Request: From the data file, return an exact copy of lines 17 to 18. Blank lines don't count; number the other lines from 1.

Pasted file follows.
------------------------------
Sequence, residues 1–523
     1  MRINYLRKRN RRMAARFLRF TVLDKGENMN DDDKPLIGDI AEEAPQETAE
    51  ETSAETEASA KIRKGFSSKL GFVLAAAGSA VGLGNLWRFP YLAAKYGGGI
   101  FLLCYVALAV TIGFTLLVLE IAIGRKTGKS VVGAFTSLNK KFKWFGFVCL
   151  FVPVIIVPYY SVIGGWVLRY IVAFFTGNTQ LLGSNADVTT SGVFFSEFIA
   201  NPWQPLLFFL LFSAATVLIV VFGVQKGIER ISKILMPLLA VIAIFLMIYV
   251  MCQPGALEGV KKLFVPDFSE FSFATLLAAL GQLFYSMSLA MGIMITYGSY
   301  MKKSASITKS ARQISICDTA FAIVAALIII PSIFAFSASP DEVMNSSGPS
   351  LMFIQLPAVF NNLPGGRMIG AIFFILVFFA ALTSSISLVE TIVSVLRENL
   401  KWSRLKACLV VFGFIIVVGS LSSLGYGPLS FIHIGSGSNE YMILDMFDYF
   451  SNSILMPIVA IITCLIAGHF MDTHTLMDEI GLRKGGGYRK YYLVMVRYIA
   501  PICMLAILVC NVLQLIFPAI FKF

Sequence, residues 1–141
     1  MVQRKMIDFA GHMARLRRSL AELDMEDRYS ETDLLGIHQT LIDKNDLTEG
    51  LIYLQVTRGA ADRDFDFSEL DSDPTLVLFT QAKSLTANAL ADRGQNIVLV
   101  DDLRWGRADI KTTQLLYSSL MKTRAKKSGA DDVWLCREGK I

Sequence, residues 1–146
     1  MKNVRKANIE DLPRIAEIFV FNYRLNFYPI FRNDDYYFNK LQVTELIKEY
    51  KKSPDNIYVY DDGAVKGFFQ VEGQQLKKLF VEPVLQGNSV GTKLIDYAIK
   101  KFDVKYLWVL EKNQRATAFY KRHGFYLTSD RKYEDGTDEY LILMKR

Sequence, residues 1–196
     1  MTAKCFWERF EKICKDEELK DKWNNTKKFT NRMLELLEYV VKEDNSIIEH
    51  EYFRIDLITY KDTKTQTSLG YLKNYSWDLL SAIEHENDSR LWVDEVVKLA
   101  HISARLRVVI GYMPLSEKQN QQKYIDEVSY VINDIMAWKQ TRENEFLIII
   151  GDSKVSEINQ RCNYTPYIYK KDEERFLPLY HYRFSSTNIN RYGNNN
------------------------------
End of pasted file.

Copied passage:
Sequence, residues 1–146
     1  MKNVRKANIE DLPRIAEIFV FNYRLNFYPI FRNDDYYFNK LQVTELIKEY